On the morning of May 28, 2009, the citizens of Victoria, Canada – all exceedingly humidified and lacking in dignity – woke up to an unavoidable reality:
Calgary is still better than Victoria.
Representing the fine city of Calgary, and the even finer people of Southern Alberta, were the Calgary Vipers – a team of professional baseball players who are as dynamic as the prairie sunrise is colourful.
Representing the sombre city of Victoria, and the pot-smoking underachieving populous of the province of British Columbia, were the Victoria Seals – a team of professional-looking baseball players who can be counted on for fielding errors like the Canadian Pacific coast can be counted on for grey, cloudy drizzle.
When Victoria Seals third/first baseman Brian Rios hit into a 6-3 putout to end an 18-7 territorial hammering at the hands of the Calgary Vipers on the night of May 27, the Seals found themselves swept in a three-game series of baseball, and simultaneously crushed in areas like culture, attractions, and livability.
The Seals lost game one of the series to Calgary 10-3, and lost game two by a score of 9-6. Further proof of the prowess of Calgary as a city.
Victoria Mayor Dean Fortin was gracious in defeat:
“At the end of the day, it came down to the better city simply playing like a better city should; and just like they’ve always been, Calgary is the better city.”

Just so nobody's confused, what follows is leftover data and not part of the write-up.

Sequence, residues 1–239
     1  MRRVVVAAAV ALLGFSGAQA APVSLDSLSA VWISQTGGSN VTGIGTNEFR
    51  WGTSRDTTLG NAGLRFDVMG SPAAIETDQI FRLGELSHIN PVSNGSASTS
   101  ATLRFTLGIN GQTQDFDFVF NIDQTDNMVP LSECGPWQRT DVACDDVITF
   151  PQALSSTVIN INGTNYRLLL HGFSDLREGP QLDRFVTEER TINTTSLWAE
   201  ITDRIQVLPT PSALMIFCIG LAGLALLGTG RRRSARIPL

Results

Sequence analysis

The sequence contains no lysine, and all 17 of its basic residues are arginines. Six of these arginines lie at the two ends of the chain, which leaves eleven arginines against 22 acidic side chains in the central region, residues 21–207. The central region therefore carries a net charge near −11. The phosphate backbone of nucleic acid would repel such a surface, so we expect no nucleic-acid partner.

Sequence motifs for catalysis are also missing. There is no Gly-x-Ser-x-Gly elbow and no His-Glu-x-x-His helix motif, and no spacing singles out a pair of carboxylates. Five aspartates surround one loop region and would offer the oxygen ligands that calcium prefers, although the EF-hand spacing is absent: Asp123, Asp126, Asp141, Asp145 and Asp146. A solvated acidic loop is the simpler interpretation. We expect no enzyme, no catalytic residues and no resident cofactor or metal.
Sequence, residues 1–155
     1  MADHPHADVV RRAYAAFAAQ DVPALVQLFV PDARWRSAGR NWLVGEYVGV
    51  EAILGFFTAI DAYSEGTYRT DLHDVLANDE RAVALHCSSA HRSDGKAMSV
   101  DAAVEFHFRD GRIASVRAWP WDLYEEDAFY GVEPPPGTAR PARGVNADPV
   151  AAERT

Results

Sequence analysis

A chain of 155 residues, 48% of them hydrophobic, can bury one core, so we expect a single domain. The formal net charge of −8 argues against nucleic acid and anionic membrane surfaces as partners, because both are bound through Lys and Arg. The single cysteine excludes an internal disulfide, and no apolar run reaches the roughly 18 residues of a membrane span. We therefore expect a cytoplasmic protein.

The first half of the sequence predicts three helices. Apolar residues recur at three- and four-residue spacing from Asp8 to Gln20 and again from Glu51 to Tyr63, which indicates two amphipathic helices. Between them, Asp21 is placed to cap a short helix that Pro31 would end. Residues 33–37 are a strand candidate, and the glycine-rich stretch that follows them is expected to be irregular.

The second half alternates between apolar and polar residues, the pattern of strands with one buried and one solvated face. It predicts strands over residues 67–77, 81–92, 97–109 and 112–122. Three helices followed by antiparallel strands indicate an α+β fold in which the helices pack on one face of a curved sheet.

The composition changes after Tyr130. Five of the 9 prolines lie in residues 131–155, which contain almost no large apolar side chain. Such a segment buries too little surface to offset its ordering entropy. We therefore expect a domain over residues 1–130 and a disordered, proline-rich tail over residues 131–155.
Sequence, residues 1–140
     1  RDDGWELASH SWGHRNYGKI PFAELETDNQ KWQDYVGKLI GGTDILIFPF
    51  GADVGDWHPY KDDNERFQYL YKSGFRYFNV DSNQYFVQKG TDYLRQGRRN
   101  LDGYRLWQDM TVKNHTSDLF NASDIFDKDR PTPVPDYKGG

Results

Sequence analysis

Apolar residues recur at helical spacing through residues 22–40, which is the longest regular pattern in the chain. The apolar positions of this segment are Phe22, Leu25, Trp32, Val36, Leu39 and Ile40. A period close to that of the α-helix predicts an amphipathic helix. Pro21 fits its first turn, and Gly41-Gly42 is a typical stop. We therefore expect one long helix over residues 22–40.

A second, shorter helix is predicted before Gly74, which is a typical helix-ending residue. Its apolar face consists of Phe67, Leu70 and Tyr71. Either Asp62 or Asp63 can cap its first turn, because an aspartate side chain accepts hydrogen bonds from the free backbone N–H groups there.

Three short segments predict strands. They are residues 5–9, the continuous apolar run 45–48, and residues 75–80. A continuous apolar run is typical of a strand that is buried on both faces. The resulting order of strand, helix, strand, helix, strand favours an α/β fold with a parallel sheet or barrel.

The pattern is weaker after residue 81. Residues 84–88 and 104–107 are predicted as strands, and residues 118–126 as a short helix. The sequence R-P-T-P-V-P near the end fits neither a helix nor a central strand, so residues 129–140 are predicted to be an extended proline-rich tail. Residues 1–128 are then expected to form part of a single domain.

British Columbia Premier Gordon Campbell took it one step further:
“Just look at the regions. Our dumpy province has nothing to offer but debt, crime, dead-fish smell, and a lack of sunshine. Now, step back and marvel at Southern Alberta. The prairies roll like [William Butler] Yeats poem, the limitless and open sky is a gift to the imagination, and they have the only section of the Rocky Mountains that matter. Heck, you can take it one step further and include the rough-and-tumble optimism and rugged outdoorsness of Northern Alberta as well, since the Edmonton Capitals won their latest series against us 2-1.”
Not all of British Columbia handled the beating as well as their elected officials. A majority of Vancouverites acted on reputation and dark-brown street-heroin as they rioted all the way to Gastown, looting and burning everything in their path along the way – save for the city’s plentiful safe-injection sites. Rioting as a result of losing something has long been Vancouver’s bon mot.
At least until June 12, 2009 – when the Calgary Vipers and the Victoria Seals begin another three-game series – the people of Victoria and British Columbia are going to have to eat their dried tofu bars, protest for their fashionable causes, and flaunt their flamboyant scarves with the knowledge that they are second fiddle to Calgary and Alberta.
Just like they’ve always been.